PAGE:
Village JammersTo Walk The Line
CountryHyperLink
http://indiemusicpeople.com/uploads/67614_10_9_2009_5_59_54_PM_-_JamrsPstr_crop.jpg
song created                                

Tuesday, September 09, 2008 4:33:42 AM
song updated                               

Tuesday, September 09, 2008 4:36:15 AM
stations playing this song              
The Peaceful Revolution
The Good Stuff Trois!!!
digitalWaves1
The Campfire
John Myles COUNTRY
VIKING
WHERE THE MIGHTY RIVERS MEET
INDIE SPIRIT
Get Down Music Nashville
XNWY Kickinghorse Country Radio
IndieMusicPeople

 















a spooky, "yea, though I walk through the valley" spiritual


written on the eve of Waylon Jennings' passing
TO WALK THE LINE

See the shadows on the ground
And your angel can’t be found
There’s a man in black
He’s callin’ time
But it’s so hard to walk the line

Cold north wind begins to blow
Watch the seasons come and go
As the days turn into years
I wonder where to go from here

CHORUS:
Oh, big river, deep and wide
I keep lookin’ to the other side
So far to go, runnin’ out of time
And it’s so hard to walk the line

I’ve loved and lost, crashed and burned
Guys like me, we never learn
I turn my collar up to the night
Stumble through the wrong and the right

Ain’t easy movin’ on
And the road is way too long
Your gonna do just what you will
You don’t get nothin’ standing still

CHORUS

Copyright 2003, G.B.Corkhill, C.Thompson, M. Palazzolo / LOCODARE Music
Song Comments

The Good Stuff Trois!!!
No cowboy hats. No attitude. Just a great tune, a great vocal and some well-played acoustic instruments. Straight-up country music with no affectations.


The Peaceful Revolution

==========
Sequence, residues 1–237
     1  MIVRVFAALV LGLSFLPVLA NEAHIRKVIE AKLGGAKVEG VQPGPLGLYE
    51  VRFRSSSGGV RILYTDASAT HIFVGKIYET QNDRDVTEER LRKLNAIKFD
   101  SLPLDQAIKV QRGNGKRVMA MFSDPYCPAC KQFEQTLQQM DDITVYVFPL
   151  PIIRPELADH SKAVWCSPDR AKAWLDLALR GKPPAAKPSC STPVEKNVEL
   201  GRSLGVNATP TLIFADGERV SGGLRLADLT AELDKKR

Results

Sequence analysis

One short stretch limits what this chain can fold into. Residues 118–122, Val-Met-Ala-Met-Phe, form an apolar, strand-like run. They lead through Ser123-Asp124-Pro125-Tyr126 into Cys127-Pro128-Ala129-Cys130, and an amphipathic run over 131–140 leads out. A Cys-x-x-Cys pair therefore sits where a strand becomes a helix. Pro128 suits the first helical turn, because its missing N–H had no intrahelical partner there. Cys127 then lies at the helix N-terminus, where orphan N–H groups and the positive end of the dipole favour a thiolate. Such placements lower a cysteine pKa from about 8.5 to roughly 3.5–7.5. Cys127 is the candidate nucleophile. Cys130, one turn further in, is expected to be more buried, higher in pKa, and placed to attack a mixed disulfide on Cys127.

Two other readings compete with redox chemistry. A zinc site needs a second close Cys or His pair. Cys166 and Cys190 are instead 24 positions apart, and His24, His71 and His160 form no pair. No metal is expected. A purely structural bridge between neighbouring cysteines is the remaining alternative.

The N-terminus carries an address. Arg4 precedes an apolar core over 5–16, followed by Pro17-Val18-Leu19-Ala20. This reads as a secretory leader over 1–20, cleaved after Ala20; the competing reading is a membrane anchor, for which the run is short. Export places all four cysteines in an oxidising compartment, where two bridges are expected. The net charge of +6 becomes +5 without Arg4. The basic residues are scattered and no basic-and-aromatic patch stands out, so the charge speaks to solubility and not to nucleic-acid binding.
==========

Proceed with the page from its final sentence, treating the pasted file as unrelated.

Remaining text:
What a beautiful reminder to all involved in The Peaceful Revolution of what must be done. . . Walking that line! Thanks and welcome!


John Myles COUNTRY
I love listenin to the Village Jammers walkin the line


digitalWaves1
again !


INDIE SPIRIT
Comprised of old friends who happen to all be seasoned musicians thanks to a deep-rooted love of honest music, the Village Jammers have been gathering to play their unique blend of "bluegrass/country/jazz/rock/blues/folk/rockabilly (insert any style of music here)" for more than thirty years. Part bluegrass band, part comedy troupe, part working-class Joes…together, a century of collective experience on stringed instruments, witty stage sarcasm and good ol’ boy beer connoisuership.The Jammers were born from an open invite of friends gathering to play any style of music they knew, and the result was a long-term friendship and a lot of terrific music. They began as the house band at the now defunct Village Pub in Stonington Borough, Connecticut, and while packing the house, they began the generous practice of inviting fellow musicians...some good, some dying trying...to share their stage. The band was infectious with its own brand of ridiculous humor, costumes, and special guests.It's been said that a Village Jammers practice session is much more than just chords and tunings; you get a healthy dose of political debate, blue-collar beer bottles, beef jerky, ball-busting, and oh yeah, some pretty good music too. The band's knack for encouraging their growing circle of musician friends to join them for jam sessions and gigs; talented musicians like Jay Dempsey, Jim Carpenter, Tommy Giarratano, Vince Thompson, Bill Light, and Steve Jakubielski, makes the Village Jammers as much a family as they are a band. Founding member and harmonica extraordinaire Rene Brisson, who sadly passed away in 2000, still retains an honorary seat in the jam circle each session.


WHERE THE MIGHTY RIVERS MEET
I am very happy to bring this song back!


Get Down Music Nashville
Good stuff!


    IndieMusicPeople & IndieMusicPeople.com                         ©2015-2016 Independent Artists Company                                             All Rights Reserved